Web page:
delanceyplace.com 11/1/10 - land and war
Historians Fred Anderson and Andrew Cayton point out that those two wars both started roughly twelve years after the acquisition of control over vast news areas of land, and thus put in play huge potential shifts in the balance of power within the newly controlling governments. The Revolutionary War started shortly after the British and their colonists wrested control the remainder of the continent east of the Mississippi away from the French in the French and Indian War. The Civil War started shortly after the U.S. wrested half of Mexico's territory away from it in the Mexican American War, and thus gained effective control of the continent west of the Mississippi:
"Unlike the three previous wars between Britain and France, the vast conflict known in Europe as the Seven Years' War (1756-63; its North American phase, 1754-60, is sometimes called the French and Indian War) ended in a decisive victory, as a result of which the North American empire of France ceased to exist and Spain (France's ally in the final year of the war) was compelled to surrender its imperial claims east of the Mississippi River. This left Britain (in theory at least) the proprietor of the eastern half of North America. ...
"The victorious British ... so alienated their colonists by attempted reforms that just a dozen years after the Peace of Paris that ended the Seven Years War, the thirteen North American colonies took up arms against the empire. In their efforts to mount resistance to a sovereign king in Parliament in the decade before war broke out, colonial leaders used arguments that stressed what had usually been called the rights of Englishmen, stressing the centrality of political freedom and the protection of property and other rights. Because the colonists were a chronically divided lot, however, the leaders of the resistance movement took care to couch their explanations and appeals in universalistic language: as defenses of natural rights, not merely the liberties of Englishmen.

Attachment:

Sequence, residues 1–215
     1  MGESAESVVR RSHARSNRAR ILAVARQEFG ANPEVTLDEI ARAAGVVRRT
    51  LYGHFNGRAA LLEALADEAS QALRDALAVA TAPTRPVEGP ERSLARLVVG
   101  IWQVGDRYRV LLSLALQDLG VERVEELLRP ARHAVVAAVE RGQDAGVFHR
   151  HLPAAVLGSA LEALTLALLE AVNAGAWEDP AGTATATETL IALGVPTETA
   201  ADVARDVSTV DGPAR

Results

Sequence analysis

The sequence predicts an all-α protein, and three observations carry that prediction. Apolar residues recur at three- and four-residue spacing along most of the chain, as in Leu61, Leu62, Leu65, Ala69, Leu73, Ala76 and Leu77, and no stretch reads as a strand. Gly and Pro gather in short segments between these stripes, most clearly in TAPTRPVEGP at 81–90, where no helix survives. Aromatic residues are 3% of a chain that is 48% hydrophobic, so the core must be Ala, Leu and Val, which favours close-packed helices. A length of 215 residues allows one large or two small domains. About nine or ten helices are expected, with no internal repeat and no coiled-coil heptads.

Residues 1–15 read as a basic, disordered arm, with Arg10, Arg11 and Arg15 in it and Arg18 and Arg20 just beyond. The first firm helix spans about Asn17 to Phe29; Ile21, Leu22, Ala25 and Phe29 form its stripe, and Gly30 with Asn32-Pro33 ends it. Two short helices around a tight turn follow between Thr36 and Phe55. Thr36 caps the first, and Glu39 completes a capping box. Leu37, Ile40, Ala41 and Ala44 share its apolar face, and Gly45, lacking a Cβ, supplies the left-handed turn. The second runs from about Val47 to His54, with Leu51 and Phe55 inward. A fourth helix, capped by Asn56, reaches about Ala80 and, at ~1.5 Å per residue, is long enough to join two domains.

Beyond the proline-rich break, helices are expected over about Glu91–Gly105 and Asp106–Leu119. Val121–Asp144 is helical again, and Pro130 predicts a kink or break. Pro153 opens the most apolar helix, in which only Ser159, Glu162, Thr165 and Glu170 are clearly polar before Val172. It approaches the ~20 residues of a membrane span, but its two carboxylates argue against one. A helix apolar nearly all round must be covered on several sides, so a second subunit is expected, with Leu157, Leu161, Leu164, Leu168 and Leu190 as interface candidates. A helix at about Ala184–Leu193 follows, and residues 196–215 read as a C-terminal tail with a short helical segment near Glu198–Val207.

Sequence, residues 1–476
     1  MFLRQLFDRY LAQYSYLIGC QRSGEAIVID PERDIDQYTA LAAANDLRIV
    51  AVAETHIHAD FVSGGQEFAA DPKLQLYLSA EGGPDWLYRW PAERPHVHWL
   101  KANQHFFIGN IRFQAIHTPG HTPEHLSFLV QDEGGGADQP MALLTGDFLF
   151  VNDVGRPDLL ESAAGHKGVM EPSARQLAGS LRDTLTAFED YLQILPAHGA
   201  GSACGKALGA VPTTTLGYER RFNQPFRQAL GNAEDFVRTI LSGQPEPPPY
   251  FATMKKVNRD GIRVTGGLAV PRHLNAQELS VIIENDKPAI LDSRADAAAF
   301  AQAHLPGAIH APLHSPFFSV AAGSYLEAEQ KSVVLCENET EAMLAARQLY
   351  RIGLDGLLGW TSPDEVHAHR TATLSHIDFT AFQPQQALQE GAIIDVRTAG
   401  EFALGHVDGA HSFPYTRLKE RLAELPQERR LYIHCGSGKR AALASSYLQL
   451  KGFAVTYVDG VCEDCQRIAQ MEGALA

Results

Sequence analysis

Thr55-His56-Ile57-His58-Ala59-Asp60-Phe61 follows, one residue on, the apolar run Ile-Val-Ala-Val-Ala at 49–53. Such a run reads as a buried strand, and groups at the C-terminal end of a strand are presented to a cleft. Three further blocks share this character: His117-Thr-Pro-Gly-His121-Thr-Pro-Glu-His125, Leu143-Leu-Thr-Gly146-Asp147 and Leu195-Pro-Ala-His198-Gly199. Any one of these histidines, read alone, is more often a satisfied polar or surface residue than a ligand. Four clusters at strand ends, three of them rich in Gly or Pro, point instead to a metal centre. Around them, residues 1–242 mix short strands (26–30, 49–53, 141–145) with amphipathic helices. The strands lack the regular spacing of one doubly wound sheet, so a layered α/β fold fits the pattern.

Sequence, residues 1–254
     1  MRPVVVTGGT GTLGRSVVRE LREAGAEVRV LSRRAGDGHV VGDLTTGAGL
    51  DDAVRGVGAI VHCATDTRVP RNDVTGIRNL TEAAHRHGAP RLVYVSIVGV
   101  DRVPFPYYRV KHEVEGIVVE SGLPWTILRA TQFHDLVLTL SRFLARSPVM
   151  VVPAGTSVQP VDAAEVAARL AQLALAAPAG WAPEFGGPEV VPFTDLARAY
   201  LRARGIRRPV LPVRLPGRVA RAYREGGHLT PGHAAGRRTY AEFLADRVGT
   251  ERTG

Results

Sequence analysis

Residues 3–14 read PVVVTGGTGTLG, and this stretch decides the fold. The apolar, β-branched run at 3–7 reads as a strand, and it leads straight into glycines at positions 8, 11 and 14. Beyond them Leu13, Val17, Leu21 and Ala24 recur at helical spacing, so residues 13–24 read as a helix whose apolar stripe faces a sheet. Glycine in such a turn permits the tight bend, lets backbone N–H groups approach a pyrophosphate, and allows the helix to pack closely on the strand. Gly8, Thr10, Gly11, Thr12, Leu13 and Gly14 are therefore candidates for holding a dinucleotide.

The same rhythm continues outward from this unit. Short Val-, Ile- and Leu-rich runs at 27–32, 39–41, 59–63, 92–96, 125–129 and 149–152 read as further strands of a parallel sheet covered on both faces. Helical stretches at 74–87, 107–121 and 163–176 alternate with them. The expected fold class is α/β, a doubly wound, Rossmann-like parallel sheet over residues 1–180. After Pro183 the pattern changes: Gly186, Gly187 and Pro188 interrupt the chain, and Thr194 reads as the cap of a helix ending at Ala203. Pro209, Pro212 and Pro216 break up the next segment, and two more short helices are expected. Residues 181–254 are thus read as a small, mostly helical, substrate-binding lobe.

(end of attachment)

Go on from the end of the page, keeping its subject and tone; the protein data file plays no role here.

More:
"The War for American Independence (1775-83) shattered the British empire and made those universalized ideas the foundation of American political identity. It took another dozen years after the end of the war in 1783, however, to produce the complex of agreements and understandings we call
the Revolutionary Settlement. ...
Great Britain and the United States ceased to compete militarily after 1815, leaving Mexico, which declared its independence from Spain in 1821, as the last remaining obstacle to the dominion of the United States in North America. ... The Mexican leaders' fears of revolution and racial war, along with the rich geographic diversity of their nation, inhibited the emergence of an American-style revolutionary settlement and created a fertile field for caudillos, violence, and local rebellions. One of the latter, on the remote northeastern fringe of Mexico, created the Republic of Texas in 1836. A decade later, the United States annexed Texas, provoking a war with Mexico in 1846. Within two years American soldiers overwhelmed Mexican resistance, seized the national capital, and forced a peace, the Treaty of Guadalupe Hidalgo (1848), that deprived Mexico of fully half its territory.
"As in the aftermath of the Seven Years' War, the accession of vast amounts of territory created a furious debate that shredded the political fabric of the victorious empire. Then it had taken twelve years for the imperial community to collapse in civil war; it now took thirteen. Adding the lands from the Rockies to the Pacific coast to what Americans thought of as the empire of liberty made the question of slavery's expansion into the conquests inescapable. The Revolutionary Settlement broke down as Northern and Southern Americans came to see each other as potential tyrants intent on subjugation. Thus in April 1861, Southerners and Northerners went to war to make the American empire safe for their own, mutually exclusive, notions of liberty, convinced that no alternative remained but an appeal to the god of battles."
Author: Fred Anderson and Andrew Cayton
Title: The Dominion of War
Date: Copyright 2005 by Fred Anderson and Andrew Cayton